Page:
- The phones targeted were infiltrated by a malicious software called Pegasus, which is sold by the NSO Group.
- The spyware can secretly unlock the target’s phone, computer or other devices, collect information and transfer it to another device without the permission of the user.
- The Israeli company has said it sells Pegasus only to government agencies to fight terrorism and other serious crimes and that it does not operate the spyware licensed to its clients.
- It can be used to infiltrate smartphones that run on both iOS and Android operating systems, and turn them into surveillance devices.
- Pegasus’s method of attack is called zero-click attacks, which do not require any action by the user.
- It will alter call logs so that the user has no knowledge of what happened.
- Once the spyware enters the device, it installs a module to track call logs, read messages, emails, calendars, internet history, and gather location data to send the information to the attacker.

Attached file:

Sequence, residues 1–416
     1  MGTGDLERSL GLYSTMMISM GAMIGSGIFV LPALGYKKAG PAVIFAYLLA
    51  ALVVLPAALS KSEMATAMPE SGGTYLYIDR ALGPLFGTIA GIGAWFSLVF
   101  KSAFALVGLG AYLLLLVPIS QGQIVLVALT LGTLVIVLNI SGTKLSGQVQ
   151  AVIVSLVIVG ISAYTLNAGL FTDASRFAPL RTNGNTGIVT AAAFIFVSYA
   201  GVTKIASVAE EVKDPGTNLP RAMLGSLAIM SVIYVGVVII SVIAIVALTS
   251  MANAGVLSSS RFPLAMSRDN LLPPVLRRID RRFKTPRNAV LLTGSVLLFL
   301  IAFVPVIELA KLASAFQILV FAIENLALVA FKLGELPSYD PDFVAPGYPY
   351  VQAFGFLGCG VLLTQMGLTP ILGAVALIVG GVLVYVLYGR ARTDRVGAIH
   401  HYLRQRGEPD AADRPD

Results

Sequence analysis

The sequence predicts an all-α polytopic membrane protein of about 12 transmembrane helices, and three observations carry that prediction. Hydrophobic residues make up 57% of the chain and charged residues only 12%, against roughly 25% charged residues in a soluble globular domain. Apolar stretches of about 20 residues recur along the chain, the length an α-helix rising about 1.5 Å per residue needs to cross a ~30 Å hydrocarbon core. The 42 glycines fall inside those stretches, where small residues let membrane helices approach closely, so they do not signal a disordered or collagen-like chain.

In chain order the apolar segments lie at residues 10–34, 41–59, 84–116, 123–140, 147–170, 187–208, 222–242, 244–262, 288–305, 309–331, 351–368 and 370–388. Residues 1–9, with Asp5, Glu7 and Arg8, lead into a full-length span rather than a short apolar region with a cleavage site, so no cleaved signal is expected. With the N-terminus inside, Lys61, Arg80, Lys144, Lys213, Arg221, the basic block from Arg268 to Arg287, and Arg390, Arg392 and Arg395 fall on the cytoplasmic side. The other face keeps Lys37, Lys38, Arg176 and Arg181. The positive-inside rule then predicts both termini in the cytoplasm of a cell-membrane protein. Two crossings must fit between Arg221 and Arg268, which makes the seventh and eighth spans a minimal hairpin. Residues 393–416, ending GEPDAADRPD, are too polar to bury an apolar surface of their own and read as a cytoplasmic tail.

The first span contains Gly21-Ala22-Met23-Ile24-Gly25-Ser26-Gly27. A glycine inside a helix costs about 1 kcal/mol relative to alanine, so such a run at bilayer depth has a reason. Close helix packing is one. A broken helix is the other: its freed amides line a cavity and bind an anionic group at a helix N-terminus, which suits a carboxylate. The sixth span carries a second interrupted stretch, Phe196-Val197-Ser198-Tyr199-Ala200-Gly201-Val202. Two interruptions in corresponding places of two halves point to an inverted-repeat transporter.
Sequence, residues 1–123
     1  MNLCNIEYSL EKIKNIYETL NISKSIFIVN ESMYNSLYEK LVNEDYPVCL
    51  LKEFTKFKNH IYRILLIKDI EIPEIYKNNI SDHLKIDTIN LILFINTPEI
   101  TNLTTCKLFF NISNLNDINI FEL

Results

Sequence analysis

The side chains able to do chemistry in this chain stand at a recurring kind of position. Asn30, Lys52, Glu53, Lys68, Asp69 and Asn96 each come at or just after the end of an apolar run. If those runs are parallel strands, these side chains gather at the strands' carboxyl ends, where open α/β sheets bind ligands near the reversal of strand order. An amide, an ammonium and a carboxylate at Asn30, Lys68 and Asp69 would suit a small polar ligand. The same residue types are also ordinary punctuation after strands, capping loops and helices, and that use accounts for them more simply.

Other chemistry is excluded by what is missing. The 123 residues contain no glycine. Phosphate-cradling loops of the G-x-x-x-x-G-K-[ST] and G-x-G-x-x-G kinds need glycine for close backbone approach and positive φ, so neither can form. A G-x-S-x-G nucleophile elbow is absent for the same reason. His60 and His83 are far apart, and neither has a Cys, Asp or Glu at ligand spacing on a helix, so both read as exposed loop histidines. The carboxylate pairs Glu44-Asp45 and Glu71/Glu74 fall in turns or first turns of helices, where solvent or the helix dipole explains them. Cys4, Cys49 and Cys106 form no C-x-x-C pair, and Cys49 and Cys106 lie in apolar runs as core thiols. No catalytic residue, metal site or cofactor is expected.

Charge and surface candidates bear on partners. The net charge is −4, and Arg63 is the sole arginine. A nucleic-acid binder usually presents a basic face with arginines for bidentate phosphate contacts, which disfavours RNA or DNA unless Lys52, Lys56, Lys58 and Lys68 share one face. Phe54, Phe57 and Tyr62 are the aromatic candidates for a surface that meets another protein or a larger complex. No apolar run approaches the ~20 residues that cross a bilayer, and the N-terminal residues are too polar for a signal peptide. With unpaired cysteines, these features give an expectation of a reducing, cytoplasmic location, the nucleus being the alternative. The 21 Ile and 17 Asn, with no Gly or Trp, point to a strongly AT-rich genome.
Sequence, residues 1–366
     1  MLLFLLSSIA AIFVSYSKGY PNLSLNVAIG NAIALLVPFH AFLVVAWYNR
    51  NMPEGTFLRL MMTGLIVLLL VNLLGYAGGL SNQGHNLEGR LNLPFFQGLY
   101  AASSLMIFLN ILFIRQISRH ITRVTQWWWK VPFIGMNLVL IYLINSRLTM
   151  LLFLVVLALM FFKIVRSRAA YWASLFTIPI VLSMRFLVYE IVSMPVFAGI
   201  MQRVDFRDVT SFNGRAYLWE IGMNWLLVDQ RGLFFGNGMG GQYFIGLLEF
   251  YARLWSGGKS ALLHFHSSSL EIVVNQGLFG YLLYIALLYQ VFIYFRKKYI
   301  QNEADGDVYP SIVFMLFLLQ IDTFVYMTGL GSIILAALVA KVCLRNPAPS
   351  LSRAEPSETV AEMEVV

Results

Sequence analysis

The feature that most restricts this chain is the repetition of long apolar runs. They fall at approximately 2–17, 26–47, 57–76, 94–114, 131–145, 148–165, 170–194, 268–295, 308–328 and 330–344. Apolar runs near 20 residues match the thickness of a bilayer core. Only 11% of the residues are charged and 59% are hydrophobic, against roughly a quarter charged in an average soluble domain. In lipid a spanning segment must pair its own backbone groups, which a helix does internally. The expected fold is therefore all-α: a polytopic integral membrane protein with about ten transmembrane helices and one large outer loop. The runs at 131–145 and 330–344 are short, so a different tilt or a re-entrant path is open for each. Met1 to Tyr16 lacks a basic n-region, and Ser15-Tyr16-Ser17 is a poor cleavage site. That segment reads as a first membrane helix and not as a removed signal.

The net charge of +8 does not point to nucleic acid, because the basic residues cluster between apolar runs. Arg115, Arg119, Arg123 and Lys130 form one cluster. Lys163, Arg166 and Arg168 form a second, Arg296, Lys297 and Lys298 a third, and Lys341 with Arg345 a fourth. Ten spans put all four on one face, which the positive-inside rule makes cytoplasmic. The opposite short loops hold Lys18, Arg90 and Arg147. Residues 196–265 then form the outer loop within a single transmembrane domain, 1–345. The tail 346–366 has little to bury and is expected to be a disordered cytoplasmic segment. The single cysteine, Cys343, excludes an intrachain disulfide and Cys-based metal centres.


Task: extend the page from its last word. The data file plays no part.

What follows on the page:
- It can also be installed manually on a device or over a wireless transceiver.
- If it fails to connect its command-and-control server for more than 60 days, it self-destructs and removes all traces.
- If it detects that it was installed on the wrong device or SIM card, it will self-destruct.
- Amnesty international noted that despite issuing security updates, Android and iOS devices were breached.
- To stay safe, users need to ensure that software in devices is updated and all apps are installed directly through the official stores. No suspicious email or text should be clicked.